Science activist and engineer Prabir Purkayastha of the Delhi Science Forum, was imprisoned for a year during the Emergency (25 Jun 1975 – 21 Mar 1977). He responds to an invitation to an event organised for the felicitation of those who fought the Emergency, by Prime Minister Modi.
I have received an invitation to be present at the “Loktantra Prahara Abhinandan” on October 11, 2015, when some of those who fought the Emergency are, apparently, to be felicitated in “the august presence” of Prime Minister Narendra Modi.
I assume I have asked to be part of the audience in His August Presence because I was in jail for a year during Indira Gandhi’s Emergency.
The Emergency created a culture of subservience to power. Political thuggery, backed by the repressive organs of the state, ruled the people’s lives. Those of us who fought the Emergency know well what an authoritarian government is like. We know how important free speech is. And we know, most of all, the necessity of resisting a culture of authoritarianism. When we came out of jail, and when the Emergency was lifted, all of us hoped the republic would not have to face such dark days again.
We hoped in vain.
Today, the ruling party and organisations from the so-called parivar, incite communal attacks; they are creating a climate in which attacks such as those in Muzaffarnagar, Dadri, and Mainpuri can take place. Indian citizens are attacked for what they believe, think or say, even what they eat. In the name of spurious respect for the cow, human beings are being butchered. Women are being attacked for dressing differently and daring to choose their partners. Reason is under assault. If science is quoted in this endeavour, it is only to “prove” the medicinal value of cow's urine; or to tell us that in ancient India, we knew how to transplant elephant's head to a man's body. School text books and syllabi are being changed; higher centres of learning are led by those, who are not even mediocrities in their own disciplines.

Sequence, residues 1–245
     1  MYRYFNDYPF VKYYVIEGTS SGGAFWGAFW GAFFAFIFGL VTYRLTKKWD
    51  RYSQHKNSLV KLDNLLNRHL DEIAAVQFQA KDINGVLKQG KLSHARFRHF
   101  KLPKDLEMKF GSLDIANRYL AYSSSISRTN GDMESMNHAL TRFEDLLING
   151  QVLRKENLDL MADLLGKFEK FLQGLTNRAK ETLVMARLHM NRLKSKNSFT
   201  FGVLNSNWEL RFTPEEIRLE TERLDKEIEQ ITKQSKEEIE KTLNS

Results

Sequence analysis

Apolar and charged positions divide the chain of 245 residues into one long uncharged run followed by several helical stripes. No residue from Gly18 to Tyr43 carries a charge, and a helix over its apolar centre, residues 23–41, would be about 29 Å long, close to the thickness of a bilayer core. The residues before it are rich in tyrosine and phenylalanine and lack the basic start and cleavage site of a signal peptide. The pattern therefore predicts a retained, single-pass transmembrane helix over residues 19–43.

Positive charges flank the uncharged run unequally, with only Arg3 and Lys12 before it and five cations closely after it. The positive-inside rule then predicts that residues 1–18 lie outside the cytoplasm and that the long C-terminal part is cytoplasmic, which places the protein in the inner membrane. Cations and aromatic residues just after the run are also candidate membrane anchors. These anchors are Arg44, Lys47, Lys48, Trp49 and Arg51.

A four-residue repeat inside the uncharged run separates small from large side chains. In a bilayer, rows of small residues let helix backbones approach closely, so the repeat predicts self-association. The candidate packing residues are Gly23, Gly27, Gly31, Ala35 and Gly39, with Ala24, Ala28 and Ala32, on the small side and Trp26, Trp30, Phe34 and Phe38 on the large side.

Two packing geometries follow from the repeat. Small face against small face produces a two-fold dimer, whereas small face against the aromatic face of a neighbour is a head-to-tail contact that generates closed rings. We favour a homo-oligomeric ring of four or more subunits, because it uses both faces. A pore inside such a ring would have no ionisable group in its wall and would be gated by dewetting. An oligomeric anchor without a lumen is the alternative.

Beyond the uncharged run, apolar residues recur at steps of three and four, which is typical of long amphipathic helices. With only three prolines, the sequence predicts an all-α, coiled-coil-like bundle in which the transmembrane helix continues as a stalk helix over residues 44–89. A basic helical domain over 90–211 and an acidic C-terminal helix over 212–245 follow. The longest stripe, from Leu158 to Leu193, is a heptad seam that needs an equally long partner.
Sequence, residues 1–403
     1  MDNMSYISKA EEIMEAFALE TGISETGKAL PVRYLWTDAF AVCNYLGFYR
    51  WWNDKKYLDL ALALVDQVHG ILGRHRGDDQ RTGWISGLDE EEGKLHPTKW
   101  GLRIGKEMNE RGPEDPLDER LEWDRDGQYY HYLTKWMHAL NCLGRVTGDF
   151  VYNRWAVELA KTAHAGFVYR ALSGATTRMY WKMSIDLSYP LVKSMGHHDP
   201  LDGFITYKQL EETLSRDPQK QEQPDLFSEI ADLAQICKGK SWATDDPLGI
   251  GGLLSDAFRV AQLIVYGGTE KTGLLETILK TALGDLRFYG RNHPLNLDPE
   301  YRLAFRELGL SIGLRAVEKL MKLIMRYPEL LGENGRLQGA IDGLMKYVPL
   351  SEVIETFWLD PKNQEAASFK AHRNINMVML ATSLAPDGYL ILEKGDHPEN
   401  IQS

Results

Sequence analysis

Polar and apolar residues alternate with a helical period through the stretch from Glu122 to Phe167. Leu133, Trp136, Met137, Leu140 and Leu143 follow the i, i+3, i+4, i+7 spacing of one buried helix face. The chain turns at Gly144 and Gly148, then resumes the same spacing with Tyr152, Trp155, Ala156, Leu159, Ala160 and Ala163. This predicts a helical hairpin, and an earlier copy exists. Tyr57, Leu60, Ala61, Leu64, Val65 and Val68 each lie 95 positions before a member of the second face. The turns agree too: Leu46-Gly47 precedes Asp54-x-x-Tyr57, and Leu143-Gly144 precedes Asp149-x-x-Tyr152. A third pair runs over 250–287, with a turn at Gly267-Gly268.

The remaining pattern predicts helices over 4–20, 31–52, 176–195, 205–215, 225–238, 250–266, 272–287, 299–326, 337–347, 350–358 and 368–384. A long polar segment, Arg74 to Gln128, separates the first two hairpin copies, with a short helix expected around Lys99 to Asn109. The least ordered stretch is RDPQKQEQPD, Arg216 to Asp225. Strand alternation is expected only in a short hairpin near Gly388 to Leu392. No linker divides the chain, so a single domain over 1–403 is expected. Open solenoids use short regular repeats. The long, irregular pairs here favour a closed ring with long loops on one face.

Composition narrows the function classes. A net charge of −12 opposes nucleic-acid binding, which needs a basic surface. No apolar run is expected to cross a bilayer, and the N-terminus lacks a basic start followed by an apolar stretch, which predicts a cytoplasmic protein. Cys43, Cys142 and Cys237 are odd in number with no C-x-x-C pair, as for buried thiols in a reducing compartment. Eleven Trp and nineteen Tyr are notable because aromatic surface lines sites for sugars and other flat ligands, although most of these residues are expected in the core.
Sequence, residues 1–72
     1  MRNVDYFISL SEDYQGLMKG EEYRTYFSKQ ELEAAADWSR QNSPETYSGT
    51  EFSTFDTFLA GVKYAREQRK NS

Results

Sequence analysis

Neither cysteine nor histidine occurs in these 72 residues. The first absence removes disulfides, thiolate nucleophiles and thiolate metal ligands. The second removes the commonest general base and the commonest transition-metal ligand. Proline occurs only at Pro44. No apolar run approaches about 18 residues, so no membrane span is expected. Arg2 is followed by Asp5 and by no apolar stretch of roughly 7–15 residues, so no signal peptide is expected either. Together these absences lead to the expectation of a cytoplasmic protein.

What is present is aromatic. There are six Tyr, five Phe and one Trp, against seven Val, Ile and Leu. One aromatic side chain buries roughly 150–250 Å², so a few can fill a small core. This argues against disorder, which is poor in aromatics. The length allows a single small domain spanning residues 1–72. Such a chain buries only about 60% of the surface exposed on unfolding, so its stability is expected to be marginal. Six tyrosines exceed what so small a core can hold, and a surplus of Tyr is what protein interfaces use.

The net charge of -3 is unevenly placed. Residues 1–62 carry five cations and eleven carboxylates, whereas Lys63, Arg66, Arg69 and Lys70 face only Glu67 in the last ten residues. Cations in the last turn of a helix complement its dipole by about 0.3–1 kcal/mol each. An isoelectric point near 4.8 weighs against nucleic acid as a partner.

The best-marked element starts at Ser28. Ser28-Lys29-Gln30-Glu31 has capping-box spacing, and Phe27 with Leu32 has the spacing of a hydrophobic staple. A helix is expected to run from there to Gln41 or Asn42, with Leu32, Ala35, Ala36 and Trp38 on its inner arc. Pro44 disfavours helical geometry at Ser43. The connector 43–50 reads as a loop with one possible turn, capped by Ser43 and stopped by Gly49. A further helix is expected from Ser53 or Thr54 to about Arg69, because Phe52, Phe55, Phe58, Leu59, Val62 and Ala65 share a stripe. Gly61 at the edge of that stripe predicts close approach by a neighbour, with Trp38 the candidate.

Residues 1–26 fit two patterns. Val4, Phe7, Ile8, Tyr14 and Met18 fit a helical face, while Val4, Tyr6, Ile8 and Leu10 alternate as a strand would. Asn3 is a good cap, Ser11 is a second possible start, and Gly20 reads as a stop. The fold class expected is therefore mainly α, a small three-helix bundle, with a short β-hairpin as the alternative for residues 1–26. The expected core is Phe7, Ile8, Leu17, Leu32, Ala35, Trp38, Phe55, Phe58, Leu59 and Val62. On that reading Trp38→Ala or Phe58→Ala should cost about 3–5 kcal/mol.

What we have today is more sinister than the Emergency.
The ruling party has a clear agenda: remaking the nation we built when we won freedom. The India we built, a nation proud of its multiple voices, multiple strands of heritage, is now being dismantled.
The new nation is not to be built on plurality, but on the sterile vision of a fabricated past. The Hindutvadi nation is being built on hate.
Yes, we have not yet descended to the silence in the public space that characterised the Emergency. People can, and are, willing to speak up. They are being heard. The public space has not yet been shut down. But even during the worst days of the Emergency, we did not witness society being fractured as it is now; or pervasive attacks on the minorities for the simple fact of being different; or the assassination of people for their beliefs.
To mark our fight against the 1975 Emergency under the aegis of a government that is introducing a different, and an even more dangerous emergency, would be a travesty. Instead, we need to recreate that resistance that led to the defeat of the Emergency. We need to defeat the dark forces who are, as Nayantara Sahgal has said, threatening to “unmake the nation”.